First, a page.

1945 The USA Army Air Force firebombed Tokyo, and the resulting firestorm killed more than 100,000 people.

 

1952 –  Morgan Tsvangirai, Prime Minister of Zimbabwe, was born.

1952  Fulgencio Batista led a successful coup in Cuba and appointed himself as the “provisional president”.

1957 Osama bin Laden, Islamist and leader of al-Qaeda, was born.

Bin Laden Poster2.jpeg

1959 Tibetan uprising: Fearing an abduction attempt by China, 300,000 Tibetans surround the Dalai Lama’s palace to prevent his removal.

1964 Prince Edward, Earl of Wessex, was born.

1969 James Earl Ray admitted assassinating Martin Luther King Jr. He later retracted his guilty plea.

1970 Captain Ernest Medina was charged with My Lai war crimes.

1977 Rings of Uranus: Astronomers discover rings around Uranus.

  

1980 Madeira School headmistress Jean Harris shot and killed Scarsdale diet doctor Herman Tarnower

1980 – Formation of the Irish Army Ranger Wing

IrishArmyRangersShoulderFlash.png

1990 In Haiti, Prosper Avril was ousted 18 months after seizing power in a coup.

2000 NASDAQ Composite stock market index peaked at 5132.52, signaling the beginning of the end of the dot-com boom.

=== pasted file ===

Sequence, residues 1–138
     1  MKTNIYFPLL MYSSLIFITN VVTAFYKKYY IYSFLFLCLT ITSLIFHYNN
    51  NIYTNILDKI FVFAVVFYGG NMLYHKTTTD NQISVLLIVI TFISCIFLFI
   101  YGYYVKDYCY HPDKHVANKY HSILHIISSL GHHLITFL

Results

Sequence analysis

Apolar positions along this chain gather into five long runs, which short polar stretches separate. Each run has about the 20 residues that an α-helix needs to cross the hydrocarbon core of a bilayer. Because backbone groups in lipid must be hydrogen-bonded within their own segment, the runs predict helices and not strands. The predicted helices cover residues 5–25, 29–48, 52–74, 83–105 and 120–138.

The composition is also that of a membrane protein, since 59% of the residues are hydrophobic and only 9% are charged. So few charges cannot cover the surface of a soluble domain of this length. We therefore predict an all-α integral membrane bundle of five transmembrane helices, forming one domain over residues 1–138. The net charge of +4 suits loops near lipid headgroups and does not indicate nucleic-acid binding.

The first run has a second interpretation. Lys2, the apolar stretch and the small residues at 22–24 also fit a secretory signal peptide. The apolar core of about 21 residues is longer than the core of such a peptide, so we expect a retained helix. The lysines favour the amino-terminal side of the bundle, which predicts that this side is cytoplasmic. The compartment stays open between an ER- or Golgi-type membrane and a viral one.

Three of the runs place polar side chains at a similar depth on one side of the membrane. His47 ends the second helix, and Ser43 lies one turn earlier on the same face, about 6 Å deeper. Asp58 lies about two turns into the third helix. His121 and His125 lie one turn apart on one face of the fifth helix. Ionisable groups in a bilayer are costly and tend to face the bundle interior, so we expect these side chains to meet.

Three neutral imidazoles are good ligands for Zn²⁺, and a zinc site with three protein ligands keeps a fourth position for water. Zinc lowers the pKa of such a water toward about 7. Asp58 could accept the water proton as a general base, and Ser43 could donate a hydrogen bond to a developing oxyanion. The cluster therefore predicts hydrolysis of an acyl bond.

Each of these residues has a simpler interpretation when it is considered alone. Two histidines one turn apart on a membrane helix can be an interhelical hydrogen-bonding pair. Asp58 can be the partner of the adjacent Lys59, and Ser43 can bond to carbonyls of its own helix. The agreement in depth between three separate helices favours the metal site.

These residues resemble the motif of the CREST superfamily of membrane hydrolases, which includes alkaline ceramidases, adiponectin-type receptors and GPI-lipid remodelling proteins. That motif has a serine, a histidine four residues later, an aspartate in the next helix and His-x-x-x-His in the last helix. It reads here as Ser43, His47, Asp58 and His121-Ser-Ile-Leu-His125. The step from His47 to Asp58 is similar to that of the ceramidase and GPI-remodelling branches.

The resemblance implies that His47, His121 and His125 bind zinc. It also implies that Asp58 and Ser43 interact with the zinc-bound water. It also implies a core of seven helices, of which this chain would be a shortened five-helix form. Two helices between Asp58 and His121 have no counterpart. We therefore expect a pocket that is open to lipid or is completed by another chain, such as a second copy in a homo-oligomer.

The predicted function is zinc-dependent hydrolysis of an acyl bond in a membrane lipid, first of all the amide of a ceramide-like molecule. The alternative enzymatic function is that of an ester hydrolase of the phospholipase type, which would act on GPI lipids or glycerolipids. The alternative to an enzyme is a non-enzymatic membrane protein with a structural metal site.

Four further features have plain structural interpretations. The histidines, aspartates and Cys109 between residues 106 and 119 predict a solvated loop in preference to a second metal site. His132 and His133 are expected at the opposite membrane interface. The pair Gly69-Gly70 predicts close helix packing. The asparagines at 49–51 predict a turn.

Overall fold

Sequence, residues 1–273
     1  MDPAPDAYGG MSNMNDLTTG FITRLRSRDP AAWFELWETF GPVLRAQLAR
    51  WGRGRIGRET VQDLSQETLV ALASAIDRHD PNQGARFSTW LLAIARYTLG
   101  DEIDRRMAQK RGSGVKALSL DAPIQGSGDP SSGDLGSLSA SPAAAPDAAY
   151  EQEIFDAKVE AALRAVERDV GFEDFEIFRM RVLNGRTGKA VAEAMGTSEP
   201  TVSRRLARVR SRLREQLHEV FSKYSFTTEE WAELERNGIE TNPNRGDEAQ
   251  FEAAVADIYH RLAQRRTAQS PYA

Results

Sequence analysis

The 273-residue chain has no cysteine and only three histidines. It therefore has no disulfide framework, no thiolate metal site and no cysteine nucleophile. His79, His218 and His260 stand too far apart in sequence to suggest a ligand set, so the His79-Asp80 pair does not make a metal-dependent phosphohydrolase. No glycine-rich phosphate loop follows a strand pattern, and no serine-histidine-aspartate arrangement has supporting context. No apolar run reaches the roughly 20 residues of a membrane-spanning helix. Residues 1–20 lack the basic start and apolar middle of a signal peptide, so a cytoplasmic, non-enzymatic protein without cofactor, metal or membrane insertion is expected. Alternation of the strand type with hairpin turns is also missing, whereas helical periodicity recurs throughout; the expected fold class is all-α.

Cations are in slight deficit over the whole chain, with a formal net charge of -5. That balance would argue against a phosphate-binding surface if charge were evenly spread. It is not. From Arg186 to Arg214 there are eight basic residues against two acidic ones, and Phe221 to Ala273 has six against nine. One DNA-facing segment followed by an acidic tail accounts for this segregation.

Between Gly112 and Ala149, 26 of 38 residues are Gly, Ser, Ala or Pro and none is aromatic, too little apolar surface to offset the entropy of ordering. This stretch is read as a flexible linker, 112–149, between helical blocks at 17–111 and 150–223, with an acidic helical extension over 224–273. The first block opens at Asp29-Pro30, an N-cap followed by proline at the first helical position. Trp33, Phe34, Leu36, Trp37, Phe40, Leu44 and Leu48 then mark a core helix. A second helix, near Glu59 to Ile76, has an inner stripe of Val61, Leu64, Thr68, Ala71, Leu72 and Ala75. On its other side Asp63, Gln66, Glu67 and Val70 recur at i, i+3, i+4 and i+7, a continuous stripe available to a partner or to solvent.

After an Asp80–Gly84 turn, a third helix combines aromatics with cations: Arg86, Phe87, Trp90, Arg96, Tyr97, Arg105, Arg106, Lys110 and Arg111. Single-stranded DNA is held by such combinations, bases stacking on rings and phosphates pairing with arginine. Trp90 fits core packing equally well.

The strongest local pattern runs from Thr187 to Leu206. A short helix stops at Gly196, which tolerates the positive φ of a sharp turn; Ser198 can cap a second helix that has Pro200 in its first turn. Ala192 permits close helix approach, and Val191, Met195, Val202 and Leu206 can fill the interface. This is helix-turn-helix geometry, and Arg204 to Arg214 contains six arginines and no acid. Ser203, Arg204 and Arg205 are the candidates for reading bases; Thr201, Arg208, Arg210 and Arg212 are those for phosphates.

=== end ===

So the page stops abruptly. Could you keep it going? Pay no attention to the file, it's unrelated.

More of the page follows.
2006 The Mars Reconnaissance Orbiter arrived at Mars.

Mars Reconnaissance Orbiter.jpg

Sourced from NZ History Online & Wikipedia


March 10 in history

March 10, 2010

On March 10:

241 BC Battle of the Aegates Islands – The Romans sank the Carthaginian fleet bringing the First Punic War to an end.

1606 Susenyos defeated the combined armies of Yaqob and Abuna Petros II at the Battle of Gol in Gojjam, which makes him Emperor of Ethiopia.

1762 French Huguenot Jean Calas, who was wrongly convicted of killing his son, diesdafter being tortured by authorities; the event inspired Voltaire to begin a campaign for religious tolerance and legal reform.

 

1804 Louisiana Purchase: In St. Louis, Missouri, a formal ceremony is conducted to transfer ownership of the Louisiana Territory from France to the United States.

 

1814 Napoleon I of France was defeated at the Battle of Laon in France.

Full length portrait of a man in his forties, in high-ranking dress white and dark blue military uniform. He stands amid rich 18th-century furniture laden with papers, and gazes at the viewer. His hair is Brutus style, cropped close but with a short fringe in front, and his right hand is tucked in his waistcoat.

1830 The KNI, the Royal Netherlands East Indies Army, was created.

 

1831  The French Foreign Legion was established by King Louis-Philippe to support his war in Algeria.